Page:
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MaxE
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08 Feb 2014, 11:14 am

A Pill for Every Ill

If anyone thinks this should be in General Autism please speak up, thanks!



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08 Feb 2014, 3:18 pm

IMHO it belongs here.

More of the same BS. Aspergers is a normal human malady that is over diagnosed. The "Aspie" interviewed seems to have no problems and does not think he is autistic. More "confirmation" for the Autism Speakes crowd.


Grrrr.


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09 Feb 2014, 10:47 am

for some with aspergers maybe.im glad to have a real autism diagnosis now and at no time do i negotiate the world with ease.i find every day a struggle


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09 Feb 2014, 2:04 pm

vermontsavant wrote:
for some with aspergers maybe.im glad to have a real autism diagnosis now and at no time do i negotiate the world with ease.i find every day a struggle


Aspergers is real Autism. And most people with Aspergers do have difficulties. I am not saying very high functioning Aspies do not exist, of course they do. The magazine picked a stereotyped Aspie. Interviewing only Aspies like that enhances the stereotype as Aspies as lazy excuse making frauds. This perception is having real world impact for a lot of Aspie-Autistics. They can't get diagnosed or diagnosed properly, little or no Adult services etc. It should not be the zero sum game that it has turned into. ALL people on the Autistic spectrum should get the help they need.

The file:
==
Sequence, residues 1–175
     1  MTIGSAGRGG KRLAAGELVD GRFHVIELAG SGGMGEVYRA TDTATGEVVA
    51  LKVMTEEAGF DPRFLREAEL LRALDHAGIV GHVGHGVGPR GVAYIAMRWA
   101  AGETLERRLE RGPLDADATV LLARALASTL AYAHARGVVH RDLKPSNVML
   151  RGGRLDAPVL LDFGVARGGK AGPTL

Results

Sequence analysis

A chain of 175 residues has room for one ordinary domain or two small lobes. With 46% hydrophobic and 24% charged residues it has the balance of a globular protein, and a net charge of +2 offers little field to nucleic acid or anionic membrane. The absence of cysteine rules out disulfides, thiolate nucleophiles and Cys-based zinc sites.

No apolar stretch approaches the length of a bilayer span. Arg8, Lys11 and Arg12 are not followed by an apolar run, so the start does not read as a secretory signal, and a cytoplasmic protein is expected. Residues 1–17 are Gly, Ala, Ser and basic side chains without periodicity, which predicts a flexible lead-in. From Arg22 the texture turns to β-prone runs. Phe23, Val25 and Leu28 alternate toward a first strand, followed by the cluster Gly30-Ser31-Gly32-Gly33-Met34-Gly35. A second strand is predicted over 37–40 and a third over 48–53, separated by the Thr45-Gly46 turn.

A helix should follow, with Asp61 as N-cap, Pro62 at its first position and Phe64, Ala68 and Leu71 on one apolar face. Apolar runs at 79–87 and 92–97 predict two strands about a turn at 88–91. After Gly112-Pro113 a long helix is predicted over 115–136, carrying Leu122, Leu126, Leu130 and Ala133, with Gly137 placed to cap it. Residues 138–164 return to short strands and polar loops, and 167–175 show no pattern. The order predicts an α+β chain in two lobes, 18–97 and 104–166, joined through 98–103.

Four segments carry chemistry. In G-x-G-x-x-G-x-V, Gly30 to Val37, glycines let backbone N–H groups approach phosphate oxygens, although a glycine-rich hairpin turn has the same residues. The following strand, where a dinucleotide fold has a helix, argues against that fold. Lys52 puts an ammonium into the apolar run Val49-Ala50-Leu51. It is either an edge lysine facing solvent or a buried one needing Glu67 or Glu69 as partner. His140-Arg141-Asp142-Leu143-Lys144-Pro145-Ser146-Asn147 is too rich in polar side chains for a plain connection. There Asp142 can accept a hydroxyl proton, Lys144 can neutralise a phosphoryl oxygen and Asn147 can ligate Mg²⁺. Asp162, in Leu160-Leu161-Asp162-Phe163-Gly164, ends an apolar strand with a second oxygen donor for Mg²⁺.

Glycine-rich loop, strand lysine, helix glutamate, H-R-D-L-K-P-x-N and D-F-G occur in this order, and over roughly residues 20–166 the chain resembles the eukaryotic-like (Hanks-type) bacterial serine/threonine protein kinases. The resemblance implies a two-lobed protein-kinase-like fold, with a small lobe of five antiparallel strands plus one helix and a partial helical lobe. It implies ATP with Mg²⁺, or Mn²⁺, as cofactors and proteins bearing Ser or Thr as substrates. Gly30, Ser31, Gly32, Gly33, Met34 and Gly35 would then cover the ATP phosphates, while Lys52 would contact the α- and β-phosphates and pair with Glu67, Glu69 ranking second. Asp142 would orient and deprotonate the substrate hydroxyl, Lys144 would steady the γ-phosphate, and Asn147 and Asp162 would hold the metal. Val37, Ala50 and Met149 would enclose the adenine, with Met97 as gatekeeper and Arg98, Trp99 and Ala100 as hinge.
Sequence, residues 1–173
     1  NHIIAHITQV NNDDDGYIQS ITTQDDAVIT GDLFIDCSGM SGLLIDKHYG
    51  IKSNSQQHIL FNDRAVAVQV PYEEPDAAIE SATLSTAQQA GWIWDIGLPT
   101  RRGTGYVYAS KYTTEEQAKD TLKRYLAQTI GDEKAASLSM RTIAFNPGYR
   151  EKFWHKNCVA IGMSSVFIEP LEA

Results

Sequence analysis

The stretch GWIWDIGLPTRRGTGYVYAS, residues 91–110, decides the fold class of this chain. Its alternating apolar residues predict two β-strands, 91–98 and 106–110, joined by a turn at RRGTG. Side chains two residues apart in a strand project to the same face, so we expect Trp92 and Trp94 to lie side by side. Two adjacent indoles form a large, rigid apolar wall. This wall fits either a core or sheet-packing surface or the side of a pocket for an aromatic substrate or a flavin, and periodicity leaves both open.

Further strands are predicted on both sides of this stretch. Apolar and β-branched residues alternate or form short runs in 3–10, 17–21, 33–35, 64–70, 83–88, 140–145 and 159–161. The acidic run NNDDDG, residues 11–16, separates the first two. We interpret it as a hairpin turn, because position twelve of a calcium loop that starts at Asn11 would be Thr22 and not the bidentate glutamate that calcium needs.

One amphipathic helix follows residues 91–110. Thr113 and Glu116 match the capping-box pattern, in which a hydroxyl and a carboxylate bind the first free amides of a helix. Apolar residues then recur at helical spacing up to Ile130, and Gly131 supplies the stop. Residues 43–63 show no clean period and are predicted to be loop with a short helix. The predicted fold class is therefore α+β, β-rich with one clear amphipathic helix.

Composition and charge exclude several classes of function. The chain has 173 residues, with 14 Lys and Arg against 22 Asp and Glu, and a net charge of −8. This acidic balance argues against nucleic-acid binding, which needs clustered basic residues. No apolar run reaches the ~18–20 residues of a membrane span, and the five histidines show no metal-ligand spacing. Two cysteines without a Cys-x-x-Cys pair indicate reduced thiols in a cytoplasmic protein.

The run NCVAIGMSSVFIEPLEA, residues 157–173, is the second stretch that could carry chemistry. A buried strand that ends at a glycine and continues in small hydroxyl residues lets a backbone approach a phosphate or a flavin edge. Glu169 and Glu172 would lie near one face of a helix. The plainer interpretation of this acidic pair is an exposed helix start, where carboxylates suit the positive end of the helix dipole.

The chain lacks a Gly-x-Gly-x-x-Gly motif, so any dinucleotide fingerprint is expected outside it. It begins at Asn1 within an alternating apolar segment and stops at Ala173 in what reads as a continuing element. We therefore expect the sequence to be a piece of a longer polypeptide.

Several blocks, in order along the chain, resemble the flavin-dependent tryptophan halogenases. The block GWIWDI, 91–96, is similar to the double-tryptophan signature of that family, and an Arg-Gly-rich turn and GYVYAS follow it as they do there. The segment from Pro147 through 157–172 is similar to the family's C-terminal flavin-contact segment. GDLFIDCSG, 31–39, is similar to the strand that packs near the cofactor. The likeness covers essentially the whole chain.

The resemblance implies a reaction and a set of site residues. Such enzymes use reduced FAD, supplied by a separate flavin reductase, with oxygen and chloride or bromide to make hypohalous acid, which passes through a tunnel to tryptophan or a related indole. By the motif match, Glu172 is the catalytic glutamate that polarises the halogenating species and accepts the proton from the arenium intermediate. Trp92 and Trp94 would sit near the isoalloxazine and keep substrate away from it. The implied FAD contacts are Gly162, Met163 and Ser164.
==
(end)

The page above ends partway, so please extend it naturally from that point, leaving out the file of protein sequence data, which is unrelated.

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09 Feb 2014, 2:58 pm

ASPartOfMe wrote:
vermontsavant wrote:
for some with aspergers maybe.im glad to have a real autism diagnosis now and at no time do i negotiate the world with ease.i find every day a struggle


Aspergers is real Autism. And most people with Aspergers do have difficulties. I am not saying very high functioning Aspies do not exist, of course they do. The magazine picked a stereotyped Aspie. Interviewing only Aspies like that enhances the stereotype as Aspies as lazy excuse making frauds. This perception is having real world impact for a lot of Aspie-Autistics. They can't get diagnosed or diagnosed properly, little or no Adult services etc. It should not be the zero sum game that it has turned into. ALL people on the Autistic spectrum should get the help they need.